Saying Bad Things About Booze — Propaganda as Science
I once went to the Liberty Science Center in New Jersey with my kids. They had an interactive exhibit where you typed in your personal behaviors (wearing a seat belt, smoking) and this added or subtracted years from your expected life span. For alcohol, the fewer drinks you had, the longer you were supposed to live, reaching a maximum at abstinence.
I recoiled from the exhibit like it was a hot stove. “You mean they can include propaganda as though it were scientific fact?” I asked no one in particular. I was so shocked because nearly every study before and since has shown that abstainers die sooner than moderate drinkers; none has shown that they outlive drinkers.
Propaganda is claimed as science every day in schools across the country, led by D.A.R.E. I’ve seen them do it, and my kids reported the propaganda back to me. (Although perhaps my wife went too far with our youngest by forbidding Anna to attend D.A.R.E., so that she had to sit in the hallway during the fifth grade “instruction” and missed the ice cream party that came as a reward for attendance.)
Propaganda as science began with the WCTU (the National Woman’s Christian Temperance Union). The WCTU lead the way through the late 19th and early 20th centuries until national Prohibition was enacted in the United States in 1920. According to Daniel Okrent’s Last Call: The Rise and Fall of Prohibition, the WCTU ”education” campaign began shortly after Currier and Ives reissued the famous print of Washington’s Farewell to the Officers of His Army, which took place in Fraunces’ Tavern, in New York, in 1783.
Can you guess how they modified the lithograph when it was republished on the centennial anniversary of America’s founding in 1876? I’ll give you a hint — there was a decanter and glasses on the table before Washington, and he was toasting his officers in the original, which was historically accurate. That’s right. In the revised version, Washington’s hand is balled into a fist on his chest, and the glasses and decanter are erased from the table.
Okrent continues that, around this time, “scientific” alcohol education was presented through
the dazzling career of a former chemistry teacher from Massachusetts named Mary Hanchett Hunt, who became one of the most influential women in the country through her religiously inspired temperance work, even if her tactics proved not to be so holy. … (Okrent meant by the latter that Hunt was taking kickbacks from publishers, including money to take her girlfriend to Atlantic City, which I don’t think was in the gospel she preached.)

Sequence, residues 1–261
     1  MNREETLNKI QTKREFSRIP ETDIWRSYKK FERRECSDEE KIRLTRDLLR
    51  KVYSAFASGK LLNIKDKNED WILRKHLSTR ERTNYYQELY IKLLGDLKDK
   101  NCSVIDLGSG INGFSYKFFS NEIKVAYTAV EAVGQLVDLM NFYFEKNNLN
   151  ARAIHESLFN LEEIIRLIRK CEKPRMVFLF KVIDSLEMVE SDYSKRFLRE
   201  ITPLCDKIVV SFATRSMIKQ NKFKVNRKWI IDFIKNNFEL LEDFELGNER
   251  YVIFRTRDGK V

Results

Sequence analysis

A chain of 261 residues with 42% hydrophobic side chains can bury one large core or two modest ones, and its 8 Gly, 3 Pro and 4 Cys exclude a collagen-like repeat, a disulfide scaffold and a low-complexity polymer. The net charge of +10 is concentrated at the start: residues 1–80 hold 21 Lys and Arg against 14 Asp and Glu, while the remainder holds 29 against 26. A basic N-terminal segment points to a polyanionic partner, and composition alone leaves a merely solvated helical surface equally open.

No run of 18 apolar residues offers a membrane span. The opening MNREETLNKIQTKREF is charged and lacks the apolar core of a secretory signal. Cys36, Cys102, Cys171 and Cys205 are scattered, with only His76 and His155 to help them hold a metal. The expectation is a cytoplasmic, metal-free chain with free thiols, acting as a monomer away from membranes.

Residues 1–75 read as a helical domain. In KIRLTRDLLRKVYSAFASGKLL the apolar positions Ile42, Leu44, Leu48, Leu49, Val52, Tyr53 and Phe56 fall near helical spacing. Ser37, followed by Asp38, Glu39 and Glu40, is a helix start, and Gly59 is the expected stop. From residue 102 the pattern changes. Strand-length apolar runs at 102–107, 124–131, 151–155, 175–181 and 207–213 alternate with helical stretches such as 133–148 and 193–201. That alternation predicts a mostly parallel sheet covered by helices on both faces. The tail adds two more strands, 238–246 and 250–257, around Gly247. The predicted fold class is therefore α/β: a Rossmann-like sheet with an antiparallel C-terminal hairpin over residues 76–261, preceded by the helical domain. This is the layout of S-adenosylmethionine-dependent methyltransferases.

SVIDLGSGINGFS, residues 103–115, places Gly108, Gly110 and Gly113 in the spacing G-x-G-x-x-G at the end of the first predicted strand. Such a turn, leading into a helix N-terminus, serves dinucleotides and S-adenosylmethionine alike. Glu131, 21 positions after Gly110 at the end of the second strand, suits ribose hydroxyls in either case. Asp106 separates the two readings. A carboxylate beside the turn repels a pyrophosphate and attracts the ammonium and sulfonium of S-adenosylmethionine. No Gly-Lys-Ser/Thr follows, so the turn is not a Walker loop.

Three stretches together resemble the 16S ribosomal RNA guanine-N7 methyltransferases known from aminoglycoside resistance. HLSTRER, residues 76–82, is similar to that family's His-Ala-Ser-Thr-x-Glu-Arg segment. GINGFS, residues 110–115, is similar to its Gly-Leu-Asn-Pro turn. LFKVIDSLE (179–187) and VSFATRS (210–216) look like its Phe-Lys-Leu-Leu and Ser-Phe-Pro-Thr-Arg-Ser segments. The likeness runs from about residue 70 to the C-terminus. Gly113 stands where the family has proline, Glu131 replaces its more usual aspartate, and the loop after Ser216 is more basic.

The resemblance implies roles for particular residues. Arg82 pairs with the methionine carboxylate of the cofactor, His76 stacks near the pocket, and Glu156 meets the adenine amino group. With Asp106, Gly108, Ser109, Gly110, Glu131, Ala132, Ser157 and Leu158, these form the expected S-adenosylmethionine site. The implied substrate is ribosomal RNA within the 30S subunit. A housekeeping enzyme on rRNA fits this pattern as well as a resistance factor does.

Hunt believed it her mission to reach the nation’s children, to saturate them in facts — as she perceived them — that would make young people despise alcohol as much as she did. … [S]he enlisted the union’s battalions in an assault on the nation’s school boards, which she intended to put “into a state of siege”. . . .
In 1886, Hunt took her caravan to Congress, which promptly passed a law requiring Scientific Temperance Instruction in the public schools. … By 1901, when the population of the entire nation was still less than eighty million, compulsory temperance education was on the books of every state of the union, and thereby in the thrice-weekly lessons of twenty-two million American children and teenagers.
What many of these millions received in the name of “Scientific Temperance Instruction” was somewhat different from what the three words implied. The second one was arguably accurate, but what Hunt called “scientific” was purely propaganda, and what she considered “instruction” was in fact intimidation. Students were force-fed a stew of mythology (“the majority of beer drinkers die of dropsy”), remonstration (“persons should not take a stimulant before bathing”), and terror (“when alcohol passes down the throat it burns off the skin, leaving it bare and burning”).
Placing such foofoo in textbooks enabled them to gain “the imprimatur most valuable to a publisher: the approval of Mary Hunt.”
But Hunt was only the first in a line of great alcohol haters and educators, says Okrent:
“The day is surely coming,” she had told the congressmen, “when from the schoolhouses all over the land will come trained haters of alcohol to pour a whole Niagara of ballots upon the saloon.” And would they ever.
Next were Carry Nation, Billy Sunday, and on and on — into the present. Consider the warning in HuffPost by a prominent Ivy League addiction specialist that “Combining alcohol and caffeine is — in one word — crazy. Don’t do it! It has an excellent chance of hurting you, and a fairly good chance of killing you.” Like Irish coffee and Kahlua.
It’s an American tradition.